So what does all of this talk of passion really mean? In the short term, it means that I’ve been doing more singing, more dancing, more playing, more creating, and at times more mourning and anguishing over things that are beyond my control. [Wailing passionately is better than not crying at all…] But in the long term, I can tell already that it means that I’m becoming a more holistic person, capable of riding through the peaks and valleys of ecstasy and despair without losing my sense of inner peace and vision for a better life. On a personal level, this means my life is becoming more rich, more meaningful, more rewarding, and in an odd and unexpected way, more focused. On a political level, it means that my understanding of the personal aspects of revolution is deeping, and my ideas on revolutionary organizing are evolving.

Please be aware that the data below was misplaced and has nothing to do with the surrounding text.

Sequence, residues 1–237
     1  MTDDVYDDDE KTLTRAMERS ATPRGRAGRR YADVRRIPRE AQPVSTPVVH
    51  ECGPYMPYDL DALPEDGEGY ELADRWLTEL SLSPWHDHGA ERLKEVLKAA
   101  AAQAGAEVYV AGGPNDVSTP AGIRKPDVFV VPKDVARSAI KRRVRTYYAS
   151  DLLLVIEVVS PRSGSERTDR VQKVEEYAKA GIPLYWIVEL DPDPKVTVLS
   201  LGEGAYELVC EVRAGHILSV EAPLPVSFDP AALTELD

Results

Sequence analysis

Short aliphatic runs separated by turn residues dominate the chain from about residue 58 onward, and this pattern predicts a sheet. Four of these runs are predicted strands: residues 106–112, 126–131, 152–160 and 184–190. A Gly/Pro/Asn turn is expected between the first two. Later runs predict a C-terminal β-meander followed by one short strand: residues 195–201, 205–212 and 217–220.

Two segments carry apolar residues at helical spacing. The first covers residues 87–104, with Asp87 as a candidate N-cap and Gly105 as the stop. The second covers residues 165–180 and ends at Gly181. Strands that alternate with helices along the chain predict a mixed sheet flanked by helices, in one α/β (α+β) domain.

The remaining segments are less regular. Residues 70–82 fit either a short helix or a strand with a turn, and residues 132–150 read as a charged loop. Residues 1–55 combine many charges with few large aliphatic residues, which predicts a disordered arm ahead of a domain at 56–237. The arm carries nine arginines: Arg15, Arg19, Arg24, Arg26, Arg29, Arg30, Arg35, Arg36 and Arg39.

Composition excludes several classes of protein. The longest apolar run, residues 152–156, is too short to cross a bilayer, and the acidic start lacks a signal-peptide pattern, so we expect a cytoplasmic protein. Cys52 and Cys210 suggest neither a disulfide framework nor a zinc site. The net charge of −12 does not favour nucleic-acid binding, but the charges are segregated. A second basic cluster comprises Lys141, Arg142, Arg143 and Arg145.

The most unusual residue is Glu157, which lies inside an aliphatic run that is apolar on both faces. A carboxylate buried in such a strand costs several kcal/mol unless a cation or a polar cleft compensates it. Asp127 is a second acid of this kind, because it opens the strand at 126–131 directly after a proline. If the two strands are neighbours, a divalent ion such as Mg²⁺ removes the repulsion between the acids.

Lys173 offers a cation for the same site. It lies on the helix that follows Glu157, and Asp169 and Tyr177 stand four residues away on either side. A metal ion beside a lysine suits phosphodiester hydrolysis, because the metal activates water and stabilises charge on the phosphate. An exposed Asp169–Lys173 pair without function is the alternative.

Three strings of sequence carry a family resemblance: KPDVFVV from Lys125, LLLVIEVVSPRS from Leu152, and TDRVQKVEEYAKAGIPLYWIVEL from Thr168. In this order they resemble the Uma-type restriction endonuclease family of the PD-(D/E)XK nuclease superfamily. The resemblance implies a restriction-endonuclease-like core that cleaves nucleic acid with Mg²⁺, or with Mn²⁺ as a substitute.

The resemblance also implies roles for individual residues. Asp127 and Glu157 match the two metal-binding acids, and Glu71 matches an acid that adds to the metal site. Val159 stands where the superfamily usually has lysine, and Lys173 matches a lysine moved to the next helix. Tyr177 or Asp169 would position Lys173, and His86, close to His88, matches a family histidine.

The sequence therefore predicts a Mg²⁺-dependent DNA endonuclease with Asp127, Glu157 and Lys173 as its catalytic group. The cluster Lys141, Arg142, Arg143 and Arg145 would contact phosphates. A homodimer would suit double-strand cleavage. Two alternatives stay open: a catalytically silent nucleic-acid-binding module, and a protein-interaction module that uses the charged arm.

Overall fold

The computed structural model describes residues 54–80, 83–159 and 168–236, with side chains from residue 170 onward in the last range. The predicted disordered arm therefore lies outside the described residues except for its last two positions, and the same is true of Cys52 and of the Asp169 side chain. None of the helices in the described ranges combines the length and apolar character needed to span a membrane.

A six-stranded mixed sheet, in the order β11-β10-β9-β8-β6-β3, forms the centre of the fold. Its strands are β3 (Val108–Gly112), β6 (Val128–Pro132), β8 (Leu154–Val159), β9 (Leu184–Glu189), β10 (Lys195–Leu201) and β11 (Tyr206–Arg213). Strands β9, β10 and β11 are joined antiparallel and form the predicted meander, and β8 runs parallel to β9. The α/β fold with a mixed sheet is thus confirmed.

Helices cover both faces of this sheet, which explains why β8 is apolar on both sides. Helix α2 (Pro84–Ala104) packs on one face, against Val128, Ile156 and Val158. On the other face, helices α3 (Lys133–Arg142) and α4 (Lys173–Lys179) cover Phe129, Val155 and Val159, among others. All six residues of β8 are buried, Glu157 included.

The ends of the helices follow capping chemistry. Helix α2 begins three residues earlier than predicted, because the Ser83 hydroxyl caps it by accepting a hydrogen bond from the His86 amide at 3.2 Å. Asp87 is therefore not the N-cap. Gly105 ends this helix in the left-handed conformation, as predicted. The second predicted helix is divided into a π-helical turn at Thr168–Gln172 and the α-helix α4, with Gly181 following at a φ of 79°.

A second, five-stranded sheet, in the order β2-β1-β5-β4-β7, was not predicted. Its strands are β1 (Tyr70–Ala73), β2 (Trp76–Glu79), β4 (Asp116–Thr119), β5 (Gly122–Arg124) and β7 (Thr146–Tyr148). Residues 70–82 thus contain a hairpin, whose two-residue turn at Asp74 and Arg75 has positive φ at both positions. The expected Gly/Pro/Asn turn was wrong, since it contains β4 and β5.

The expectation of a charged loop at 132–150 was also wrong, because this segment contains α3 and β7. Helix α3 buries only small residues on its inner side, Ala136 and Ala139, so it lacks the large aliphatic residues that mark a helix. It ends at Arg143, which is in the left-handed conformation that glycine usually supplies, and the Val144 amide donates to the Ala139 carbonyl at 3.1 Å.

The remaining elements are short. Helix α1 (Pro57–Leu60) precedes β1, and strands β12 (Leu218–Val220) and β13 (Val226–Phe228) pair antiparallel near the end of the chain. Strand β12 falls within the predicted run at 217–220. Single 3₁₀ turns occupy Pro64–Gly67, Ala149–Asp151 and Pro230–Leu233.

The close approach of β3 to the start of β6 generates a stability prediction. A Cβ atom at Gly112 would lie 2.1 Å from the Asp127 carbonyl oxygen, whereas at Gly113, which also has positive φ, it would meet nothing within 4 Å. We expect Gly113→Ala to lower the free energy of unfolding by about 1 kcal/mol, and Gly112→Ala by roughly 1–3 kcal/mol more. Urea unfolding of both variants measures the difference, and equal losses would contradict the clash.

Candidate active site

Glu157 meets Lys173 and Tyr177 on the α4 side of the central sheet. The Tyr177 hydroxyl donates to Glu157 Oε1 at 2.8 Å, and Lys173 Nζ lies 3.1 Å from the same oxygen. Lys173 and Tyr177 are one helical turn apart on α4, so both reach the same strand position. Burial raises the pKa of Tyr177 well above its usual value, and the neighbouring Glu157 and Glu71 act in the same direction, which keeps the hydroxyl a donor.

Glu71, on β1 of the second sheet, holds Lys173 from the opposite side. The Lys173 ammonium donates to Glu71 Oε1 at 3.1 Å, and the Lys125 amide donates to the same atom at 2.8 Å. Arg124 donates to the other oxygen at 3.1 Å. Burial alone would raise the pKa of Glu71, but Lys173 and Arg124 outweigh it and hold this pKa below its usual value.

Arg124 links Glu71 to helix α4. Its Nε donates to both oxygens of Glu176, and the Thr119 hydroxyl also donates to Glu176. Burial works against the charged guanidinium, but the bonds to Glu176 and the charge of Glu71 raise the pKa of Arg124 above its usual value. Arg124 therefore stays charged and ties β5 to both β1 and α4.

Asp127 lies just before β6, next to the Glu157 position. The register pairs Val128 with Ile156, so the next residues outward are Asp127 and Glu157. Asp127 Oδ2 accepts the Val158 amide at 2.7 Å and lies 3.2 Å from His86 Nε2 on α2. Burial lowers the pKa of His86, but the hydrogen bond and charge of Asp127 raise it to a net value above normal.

How do the corporations sell people a bunch of worthless plastic crap that they don’t really need? They do it by appealing to their suppressed passions. “Hey, this product will make you have fun, look younger, feel more self-confident, and have sex with someone you desire.” Well, what would the corporations do if we found our own fun, our own youth, our own self-confidence, our own sexuality, without the help of their worthless products?
If that happened, we would truly be free. And if that were the end of it, it would only be a victory for us personally. But what if we felt that all people had the right to be free too? What if we took some of our newly liberate passion and directed it to the service of freedom for one and all? Why, we’d have a revolution on our hands!
THAT is what people want from revolution — something they can feel passionate about, and something that liberates their passions in return.
So that’s a theme I’ve been exploring in my life over the past few weeks… both philosophically and on the dance floor. If you’d like to explore it with me, you know where to find me. In the meantime, I’m off to express my passion further through some more writing elsewhere…